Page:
Online gambling technology provider Playtech has abandoned its planned takeovers of financial trading operators Plus500 and Ava Trade due to its inability to resolve regulatory concerns.
Playtech announced this summer that it would spend £460m to acquire the UK-listed Plus500, one of a flurry of recent deals in which Playtech sought to expand its forex and spread betting presence. But Playtech announced Monday that the acquisition “will not be proceeding as planned.”
The acquisition required the approval of both the Cyprus Securities Exchange Commission and the UK’s Financial Conduct Authority (FCA). The former had already given its blessing but the FCA expressed “certain concerns” and Playtech said Monday that “the steps being proposed to address these concerns will not sufficiently satisfy the FCA” by the Dec. 31 deadline for closing the acquisition.
Playtech said the deal would have no financial impact on its performance but its share price fell 8% following Monday’s announcement. Plus500 shares fell by one-fifth before rallying to close out Monday’s trading down 6.5%. Playtech says it has no immediate plans for what to do with its existing 9.9% stake in Plus500.
Regulatory concerns have also scuppered Playtech’s acquisition of Irish financial trading firm Ava Trade. Playtech’s $105m bid for Ava Trade had been opposed by the Central Bank of Ireland, a decision that gave Ava Trade’s sellers a termination right on the deal. On Monday, Playtech announced that Ava Trade’s owners had chosen to exercise this termination right.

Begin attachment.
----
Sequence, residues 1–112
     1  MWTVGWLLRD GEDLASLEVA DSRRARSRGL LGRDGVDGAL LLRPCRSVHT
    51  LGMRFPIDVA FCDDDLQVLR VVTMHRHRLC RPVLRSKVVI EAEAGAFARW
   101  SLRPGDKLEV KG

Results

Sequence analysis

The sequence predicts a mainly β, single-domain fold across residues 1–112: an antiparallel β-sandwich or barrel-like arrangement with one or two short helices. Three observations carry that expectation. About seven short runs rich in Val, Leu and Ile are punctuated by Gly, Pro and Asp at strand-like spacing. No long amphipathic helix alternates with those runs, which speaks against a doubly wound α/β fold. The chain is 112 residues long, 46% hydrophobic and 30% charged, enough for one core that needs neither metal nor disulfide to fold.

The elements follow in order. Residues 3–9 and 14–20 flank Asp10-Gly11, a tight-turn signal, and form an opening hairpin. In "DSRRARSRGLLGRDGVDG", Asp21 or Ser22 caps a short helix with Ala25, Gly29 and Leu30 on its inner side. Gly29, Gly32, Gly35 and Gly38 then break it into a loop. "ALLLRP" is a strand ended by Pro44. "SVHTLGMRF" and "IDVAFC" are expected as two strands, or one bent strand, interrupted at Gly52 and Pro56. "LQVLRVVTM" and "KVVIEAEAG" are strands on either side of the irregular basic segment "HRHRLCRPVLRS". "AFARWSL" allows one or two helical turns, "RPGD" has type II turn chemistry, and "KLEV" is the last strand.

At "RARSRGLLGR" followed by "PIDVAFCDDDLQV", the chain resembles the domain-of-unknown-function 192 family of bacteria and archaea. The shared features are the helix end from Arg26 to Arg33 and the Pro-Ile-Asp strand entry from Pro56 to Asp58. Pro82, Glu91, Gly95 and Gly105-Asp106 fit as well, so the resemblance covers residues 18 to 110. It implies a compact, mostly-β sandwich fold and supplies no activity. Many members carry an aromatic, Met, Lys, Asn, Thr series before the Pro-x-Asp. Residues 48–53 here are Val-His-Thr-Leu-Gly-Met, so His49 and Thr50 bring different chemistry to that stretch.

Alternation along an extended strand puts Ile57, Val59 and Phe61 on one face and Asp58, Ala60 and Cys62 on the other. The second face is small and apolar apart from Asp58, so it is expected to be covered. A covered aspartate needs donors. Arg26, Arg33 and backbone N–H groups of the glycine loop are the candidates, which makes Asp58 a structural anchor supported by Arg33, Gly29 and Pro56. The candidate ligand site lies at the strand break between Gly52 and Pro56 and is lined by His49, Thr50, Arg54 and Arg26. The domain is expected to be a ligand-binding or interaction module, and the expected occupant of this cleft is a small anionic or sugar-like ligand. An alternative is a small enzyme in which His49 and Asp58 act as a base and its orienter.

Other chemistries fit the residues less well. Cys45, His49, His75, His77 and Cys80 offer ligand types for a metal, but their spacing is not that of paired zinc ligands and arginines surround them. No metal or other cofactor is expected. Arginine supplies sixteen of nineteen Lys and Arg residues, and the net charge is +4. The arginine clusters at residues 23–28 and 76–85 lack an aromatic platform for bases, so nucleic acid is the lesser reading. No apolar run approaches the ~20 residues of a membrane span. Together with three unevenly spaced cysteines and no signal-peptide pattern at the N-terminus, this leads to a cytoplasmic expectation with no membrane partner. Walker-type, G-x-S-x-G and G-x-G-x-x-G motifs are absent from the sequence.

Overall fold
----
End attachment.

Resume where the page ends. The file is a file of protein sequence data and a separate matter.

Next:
However, Playtech says it hasn’t given up on acquiring Ava Trade and plans to continue to appeal the CBI’s decision. Playtech said the termination of the deal meant it would forfeit the $5m non-refundable deposit it paid to get the acquisition talks started but the deal’s termination would have no other financial impact.
Israeli media outlet Globes quoted capital market sources saying Playtech founder and largest shareholder Teddy Sagi’s criminal record may have contributed to the failure of the Plus500 acquisition. The sources claimed the FCA had demanded that Sagi, who did a stint in Israeli prison in the 1990s following a conviction for stock fraud, sell most of his 30.6% stake in Playtech.
In Playtech’s Q3 earnings report, its burgeoning financials division reported revenue of €27.5m, representing 16% of the company’s overall revenue. The collapse of the two proposed acquisitions will limit the division’s future growth but it also leaves the company with about a billion dollars in ready cash lying around, leaving Playtech well-poised to pounce on any number of future opportunities in the UK’s merger-mad marketplace.